SI: The Vitality Sensor was something we reviewed before E3. We looked at all of the things that we had going on in the showcase. We realized we had too much. When we thought about our own booth, I could imagine a long queue of people waiting to play The Legend of Zelda: Skyward Sword, and another long line of people waiting for the 3DS. On the other hand, the Vitality Sensor demands that you calm down and relax. We had to conclude it was not a perfect match for E3, at least for this year. We are hopeful we can announce something about it later. We are progressing with development, and we would like to launch it in the near future.
VB: If Zelda is not shipping in 2010, what is your biggest title this year?
SI: We have Super Mario Galaxy 2 already on the market. I think that will continue to sell. We have Metroid: Other M coming in August. We have Donkey Kong Country Returns, Kirby’s Big Yarn, and Wii Party. These are the big titles for the Wii.
VB: How do you feel about introducing a new video game console?
SI: The way we decide about introducing new hardware is to talk to our software developers. If they start demanding new hardware by saying the current hardware is not good, that is the time to announce the new hardware. Fortunately, they have not started complaining about that. We always prepare new hardware. But this is not the time when we need to announce it. I do not know when the time will be when we need to talk about it in the future. This has proven to be frustrating for the hardware developers inside Nintendo. They have no ability to decide when they can make the next hardware available. Because it is unique, this gives us an edge.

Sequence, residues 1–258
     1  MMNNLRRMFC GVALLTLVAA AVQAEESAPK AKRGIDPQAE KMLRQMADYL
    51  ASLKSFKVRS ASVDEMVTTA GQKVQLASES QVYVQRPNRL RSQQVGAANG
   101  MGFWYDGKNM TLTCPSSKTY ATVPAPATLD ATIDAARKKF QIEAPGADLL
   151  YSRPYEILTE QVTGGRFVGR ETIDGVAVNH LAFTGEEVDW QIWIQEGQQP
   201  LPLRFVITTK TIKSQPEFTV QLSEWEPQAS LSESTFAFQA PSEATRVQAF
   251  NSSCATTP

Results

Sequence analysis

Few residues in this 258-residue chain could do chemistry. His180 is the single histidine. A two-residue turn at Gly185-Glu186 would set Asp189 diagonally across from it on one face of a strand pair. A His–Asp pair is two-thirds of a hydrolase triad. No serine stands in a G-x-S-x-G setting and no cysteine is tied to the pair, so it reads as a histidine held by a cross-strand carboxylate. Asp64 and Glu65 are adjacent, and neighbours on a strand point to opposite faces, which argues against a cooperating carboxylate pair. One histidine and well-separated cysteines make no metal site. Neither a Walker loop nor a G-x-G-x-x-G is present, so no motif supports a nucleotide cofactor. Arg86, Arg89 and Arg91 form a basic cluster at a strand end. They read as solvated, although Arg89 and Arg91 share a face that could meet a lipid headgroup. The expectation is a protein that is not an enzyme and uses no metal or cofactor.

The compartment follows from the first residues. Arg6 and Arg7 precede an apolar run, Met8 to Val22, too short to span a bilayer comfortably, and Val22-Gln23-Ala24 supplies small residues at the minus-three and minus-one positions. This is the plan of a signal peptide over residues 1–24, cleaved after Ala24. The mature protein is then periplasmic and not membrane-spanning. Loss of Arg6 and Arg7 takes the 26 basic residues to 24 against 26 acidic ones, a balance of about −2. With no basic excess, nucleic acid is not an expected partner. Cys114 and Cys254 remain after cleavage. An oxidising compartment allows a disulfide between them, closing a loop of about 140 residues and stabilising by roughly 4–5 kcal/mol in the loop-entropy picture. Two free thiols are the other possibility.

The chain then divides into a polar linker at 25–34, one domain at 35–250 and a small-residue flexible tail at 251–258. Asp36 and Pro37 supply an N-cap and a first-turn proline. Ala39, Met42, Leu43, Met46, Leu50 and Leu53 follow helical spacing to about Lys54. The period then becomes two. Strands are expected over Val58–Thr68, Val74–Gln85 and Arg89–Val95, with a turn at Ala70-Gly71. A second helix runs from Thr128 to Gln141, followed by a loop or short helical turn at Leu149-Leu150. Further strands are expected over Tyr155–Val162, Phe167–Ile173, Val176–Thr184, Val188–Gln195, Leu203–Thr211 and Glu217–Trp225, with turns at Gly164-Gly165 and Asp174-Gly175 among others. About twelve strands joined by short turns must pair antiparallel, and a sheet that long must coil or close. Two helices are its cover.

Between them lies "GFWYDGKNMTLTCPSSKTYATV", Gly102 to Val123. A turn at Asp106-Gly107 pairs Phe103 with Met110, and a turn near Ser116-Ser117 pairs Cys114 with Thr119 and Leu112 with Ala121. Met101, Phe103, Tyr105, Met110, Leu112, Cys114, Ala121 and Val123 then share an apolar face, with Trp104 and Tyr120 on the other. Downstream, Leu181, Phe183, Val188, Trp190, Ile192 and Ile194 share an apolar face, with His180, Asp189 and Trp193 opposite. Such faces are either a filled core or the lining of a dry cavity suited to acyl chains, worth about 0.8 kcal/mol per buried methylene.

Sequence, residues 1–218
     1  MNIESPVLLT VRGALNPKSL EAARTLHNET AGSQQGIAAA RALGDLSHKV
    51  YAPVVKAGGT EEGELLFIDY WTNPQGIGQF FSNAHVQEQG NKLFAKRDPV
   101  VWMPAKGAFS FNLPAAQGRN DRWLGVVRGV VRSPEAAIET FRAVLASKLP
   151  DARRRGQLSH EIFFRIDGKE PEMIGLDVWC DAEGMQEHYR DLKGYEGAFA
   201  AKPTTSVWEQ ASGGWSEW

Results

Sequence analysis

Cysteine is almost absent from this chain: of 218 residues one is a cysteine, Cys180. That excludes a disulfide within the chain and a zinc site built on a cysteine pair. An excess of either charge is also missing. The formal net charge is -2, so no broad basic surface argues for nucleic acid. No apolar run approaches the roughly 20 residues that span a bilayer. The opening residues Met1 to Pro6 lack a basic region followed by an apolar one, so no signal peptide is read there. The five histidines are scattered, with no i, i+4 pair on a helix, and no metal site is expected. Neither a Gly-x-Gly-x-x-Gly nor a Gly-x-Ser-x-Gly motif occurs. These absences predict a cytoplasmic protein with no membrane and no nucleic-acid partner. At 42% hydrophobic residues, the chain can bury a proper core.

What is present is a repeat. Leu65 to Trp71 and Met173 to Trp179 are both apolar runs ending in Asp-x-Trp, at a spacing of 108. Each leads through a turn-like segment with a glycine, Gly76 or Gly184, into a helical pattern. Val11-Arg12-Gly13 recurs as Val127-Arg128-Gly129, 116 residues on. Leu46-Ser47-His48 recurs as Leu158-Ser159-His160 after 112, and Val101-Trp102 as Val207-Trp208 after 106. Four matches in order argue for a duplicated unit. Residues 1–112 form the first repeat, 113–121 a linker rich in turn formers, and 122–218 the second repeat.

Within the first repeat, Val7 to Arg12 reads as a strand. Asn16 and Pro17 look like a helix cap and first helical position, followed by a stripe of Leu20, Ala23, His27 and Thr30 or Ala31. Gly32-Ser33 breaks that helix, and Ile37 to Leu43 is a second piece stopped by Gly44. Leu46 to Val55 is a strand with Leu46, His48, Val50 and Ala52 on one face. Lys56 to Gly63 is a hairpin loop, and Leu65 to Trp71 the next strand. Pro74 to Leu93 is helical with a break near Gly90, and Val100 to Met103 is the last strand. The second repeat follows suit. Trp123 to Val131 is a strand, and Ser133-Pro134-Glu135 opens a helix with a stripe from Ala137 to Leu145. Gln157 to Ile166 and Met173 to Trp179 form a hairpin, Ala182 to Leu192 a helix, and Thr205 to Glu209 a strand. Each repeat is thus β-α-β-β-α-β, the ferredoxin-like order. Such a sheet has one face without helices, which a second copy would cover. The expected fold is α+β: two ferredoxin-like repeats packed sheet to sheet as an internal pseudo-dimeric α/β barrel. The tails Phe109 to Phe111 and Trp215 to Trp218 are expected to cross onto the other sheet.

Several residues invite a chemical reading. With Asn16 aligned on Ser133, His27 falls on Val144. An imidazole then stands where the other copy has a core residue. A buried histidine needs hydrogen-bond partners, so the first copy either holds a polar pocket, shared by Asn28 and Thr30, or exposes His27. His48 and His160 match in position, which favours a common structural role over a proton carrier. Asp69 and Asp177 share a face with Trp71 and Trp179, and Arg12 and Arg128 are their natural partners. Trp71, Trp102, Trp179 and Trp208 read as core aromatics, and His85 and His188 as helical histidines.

VB: What do you think of Microsoft Kinect and Sony Move?
SI: Unfortunately, I have not experienced play with Kinect or Move. But before I can talk about it, as I said before, making a comprehensive experience possible in one packaged hardware solution is ideal. Asking consumers to pay more for additional hardware is not ideal. If I were one of the developers for Kinect or Move, I would wonder if Microsoft or Sony would have a large enough installed base of this accessory to justify investment in a game. When you look at the Wii, it’s a completely different story. Every single Wii accessory in the market supports motion control, and developers feel no anxiety about making motion control software. We started the motion-control experience with Wii Sports. Then we added Wii Fit and Wii MotionPlus. This year, we are adding motion-sensing control to the Legend of Zelda franchise. If we keep introducing something new, I don’t think we need to be concerned about what other companies are doing.
VB: It looks like Microsoft wants to cut prices, though it’s not entirely clear what they are doing. They have a lower price on the Xbox 360 Elite and Arcade units. They are discontinuing those models. They say they will have something at the Arcade level at a $199 price point. They will address that later. Are you expecting a price cut and do you think the Wii also needs a price cut?
SI: I am not in a position to know what the companies are doing. As for Nintendo, we do not have any complete plan that we are ready to announce now. We believe prices for our products are competitive enough.